Blogposts. Still a great format for Science Communication. And it’s actually how we started.
In our workshops “Science Communication I: Blog“, doctoral and postdoctoral researchers from DESY and Uni Hamburg create their own blogposts with the help of physicist and science communicator Michael Büker as well as molecular biologist and genetics blogger Theresa Schredelseker. You can find the products of these workshops below.
If you are an early stage career scientist at DESY or Uni Hamburg and missed the last workshop but still want to publish a blogpost to communicate your science, you can either keep an eye out on the workshop program of the PIER Education Platform, on which we recurrently offer the workshop, or simply reach out to us. We might schedule an individual coaching sessions for you in which we cover the basics about blogging on this website and then set you up with an authors profile in order for you to get started on your own. This Blog is open for contributions from all researchers from Uni Hamburg, DESY or other partner institutions on the Bahrenfeld research campus.
- Tips and Tools to have a less Stressful PhD
In this article, I am trying to share with you my own experience throughout my PhD time in Hamburg. The current article is not more than a personal experience where I am trying to share … Read more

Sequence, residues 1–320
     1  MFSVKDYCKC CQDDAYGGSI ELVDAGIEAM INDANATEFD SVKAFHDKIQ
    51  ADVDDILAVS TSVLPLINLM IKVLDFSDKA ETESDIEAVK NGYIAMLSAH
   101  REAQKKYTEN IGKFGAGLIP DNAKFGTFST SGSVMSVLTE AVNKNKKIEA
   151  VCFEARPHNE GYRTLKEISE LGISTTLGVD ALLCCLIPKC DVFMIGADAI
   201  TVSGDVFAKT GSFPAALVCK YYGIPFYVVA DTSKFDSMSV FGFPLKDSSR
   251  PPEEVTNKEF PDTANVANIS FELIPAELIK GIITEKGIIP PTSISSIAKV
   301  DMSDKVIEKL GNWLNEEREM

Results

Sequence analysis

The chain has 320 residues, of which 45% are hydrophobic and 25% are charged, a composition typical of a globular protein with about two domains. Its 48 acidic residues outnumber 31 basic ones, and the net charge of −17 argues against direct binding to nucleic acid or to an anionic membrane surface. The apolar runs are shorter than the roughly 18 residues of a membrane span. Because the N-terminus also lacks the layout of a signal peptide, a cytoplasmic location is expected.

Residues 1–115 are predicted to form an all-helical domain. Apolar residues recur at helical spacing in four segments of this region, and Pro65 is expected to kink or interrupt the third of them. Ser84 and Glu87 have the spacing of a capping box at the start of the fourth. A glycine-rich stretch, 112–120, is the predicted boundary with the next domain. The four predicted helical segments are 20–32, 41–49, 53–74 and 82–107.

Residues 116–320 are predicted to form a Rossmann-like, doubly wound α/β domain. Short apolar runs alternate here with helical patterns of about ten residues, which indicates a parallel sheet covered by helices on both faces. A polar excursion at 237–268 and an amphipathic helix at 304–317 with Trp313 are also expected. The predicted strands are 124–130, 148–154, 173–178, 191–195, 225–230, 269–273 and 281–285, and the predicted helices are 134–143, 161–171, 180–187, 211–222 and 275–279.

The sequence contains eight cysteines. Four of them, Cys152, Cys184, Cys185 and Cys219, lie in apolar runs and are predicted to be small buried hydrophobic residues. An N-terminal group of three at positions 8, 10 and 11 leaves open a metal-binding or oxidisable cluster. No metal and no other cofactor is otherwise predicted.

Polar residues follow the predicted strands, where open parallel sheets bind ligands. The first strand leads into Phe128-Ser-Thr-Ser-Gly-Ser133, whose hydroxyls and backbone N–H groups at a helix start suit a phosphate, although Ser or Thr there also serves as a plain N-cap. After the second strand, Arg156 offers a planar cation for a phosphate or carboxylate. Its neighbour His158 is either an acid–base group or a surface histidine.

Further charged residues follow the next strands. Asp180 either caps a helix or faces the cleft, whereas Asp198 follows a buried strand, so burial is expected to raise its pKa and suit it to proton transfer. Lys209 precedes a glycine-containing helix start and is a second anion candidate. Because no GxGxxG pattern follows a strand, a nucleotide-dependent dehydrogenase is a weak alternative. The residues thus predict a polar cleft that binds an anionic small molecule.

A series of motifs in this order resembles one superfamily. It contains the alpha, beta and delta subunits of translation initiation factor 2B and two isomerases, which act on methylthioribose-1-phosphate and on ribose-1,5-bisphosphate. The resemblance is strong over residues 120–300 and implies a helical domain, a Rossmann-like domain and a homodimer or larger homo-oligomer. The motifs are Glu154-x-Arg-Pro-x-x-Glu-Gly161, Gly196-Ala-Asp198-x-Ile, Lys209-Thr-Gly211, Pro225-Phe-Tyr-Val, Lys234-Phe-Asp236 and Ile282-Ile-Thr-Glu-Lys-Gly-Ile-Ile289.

- Knowledge Makers – What to do when Scientists don’t yet “know”?
Scientists are sometimes simply presented to the world as people who “know things”. Whether they be Boffins, Profs, Sci-Guys or Poindexters, scientists are often asked to tell the world what they know. Most of the … Read more
- Dream of a Purple Sky
Sometimes a weird dream inspires me to ask a seemingly mundane question, today about why our sky is not purple. The quest to explain it is surprisingly more insightful that what I expected at first.
- Once Upon a Dynamo in the Early Universe
New simulations by University of Hamburg researchers & collaborators at Australian National University reveal a powerful turbulent dynamo acting in the early Universe. This dynamo could have rapidly amplified the initially weak cosmic magnetic fields … Read more
- How to go out and watch the first galaxies over 12 billion years ago
From Light to Dark & back to Light – A brief history At some point after the Big Bang the hot plasma opaque to light had cooled down enough so that during Recombination, electrons and … Read more
- Studying the uncharted territories of the Standard Model using gravitational waves
Our current knowledge about the elementary constituents of Nature can be summarized by the Standard Model of Particle Physics. This model aims to describe what the elementary building blocks of the Universe are and how … Read more
- In touch with dark matter at the Large Hadron Collider: possible or preposterous?
A new day dawns at the Swiss-French border It is 4am in a small village close to the Swiss and French border. The sound of a cock crowing rings through the air. However, this sound … Read more
- Getting rid of ‘Corona’
Once you read the title, the first thing that comes to your mind is the novel coronavirus, the vaccine, and the difficult situation we are facing right now. Keep calm, it’s not about this Corona, … Read more
- Carbon Footprint of the LHC
I did my bachelor’s in Vietnam with a thesis on a theoretical 5D gravitational theory. Infrastructure for experimental physics in Vietnam compared to Europe or the US is like me sparring with Mayweather. Probably it’s … Read more